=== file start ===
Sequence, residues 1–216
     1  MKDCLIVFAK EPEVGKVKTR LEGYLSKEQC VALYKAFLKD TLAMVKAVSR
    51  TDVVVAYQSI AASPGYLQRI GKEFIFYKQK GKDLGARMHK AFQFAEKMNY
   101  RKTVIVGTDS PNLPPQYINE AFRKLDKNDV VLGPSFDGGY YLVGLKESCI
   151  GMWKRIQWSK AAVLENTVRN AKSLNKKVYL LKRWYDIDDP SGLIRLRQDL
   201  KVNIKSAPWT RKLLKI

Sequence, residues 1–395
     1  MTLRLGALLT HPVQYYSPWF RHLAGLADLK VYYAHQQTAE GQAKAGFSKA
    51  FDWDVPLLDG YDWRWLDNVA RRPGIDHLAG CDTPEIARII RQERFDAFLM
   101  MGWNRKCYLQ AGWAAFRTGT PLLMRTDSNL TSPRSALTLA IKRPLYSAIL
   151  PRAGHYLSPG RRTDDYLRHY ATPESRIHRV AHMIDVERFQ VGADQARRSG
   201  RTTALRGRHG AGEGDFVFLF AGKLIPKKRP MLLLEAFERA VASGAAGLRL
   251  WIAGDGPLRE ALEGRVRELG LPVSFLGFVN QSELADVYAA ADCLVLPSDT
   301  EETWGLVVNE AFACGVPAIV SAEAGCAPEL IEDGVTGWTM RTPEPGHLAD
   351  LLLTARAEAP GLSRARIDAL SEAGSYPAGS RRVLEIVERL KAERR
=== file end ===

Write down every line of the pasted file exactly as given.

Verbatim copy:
Sequence, residues 1–216
     1  MKDCLIVFAK EPEVGKVKTR LEGYLSKEQC VALYKAFLKD TLAMVKAVSR
    51  TDVVVAYQSI AASPGYLQRI GKEFIFYKQK GKDLGARMHK AFQFAEKMNY
   101  RKTVIVGTDS PNLPPQYINE AFRKLDKNDV VLGPSFDGGY YLVGLKESCI
   151  GMWKRIQWSK AAVLENTVRN AKSLNKKVYL LKRWYDIDDP SGLIRLRQDL
   201  KVNIKSAPWT RKLLKI

Sequence, residues 1–395
     1  MTLRLGALLT HPVQYYSPWF RHLAGLADLK VYYAHQQTAE GQAKAGFSKA
    51  FDWDVPLLDG YDWRWLDNVA RRPGIDHLAG CDTPEIARII RQERFDAFLM
   101  MGWNRKCYLQ AGWAAFRTGT PLLMRTDSNL TSPRSALTLA IKRPLYSAIL
   151  PRAGHYLSPG RRTDDYLRHY ATPESRIHRV AHMIDVERFQ VGADQARRSG
   201  RTTALRGRHG AGEGDFVFLF AGKLIPKKRP MLLLEAFERA VASGAAGLRL
   251  WIAGDGPLRE ALEGRVRELG LPVSFLGFVN QSELADVYAA ADCLVLPSDT
   301  EETWGLVVNE AFACGVPAIV SAEAGCAPEL IEDGVTGWTM RTPEPGHLAD
   351  LLLTARAEAP GLSRARIDAL SEAGSYPAGS RRVLEIVERL KAERR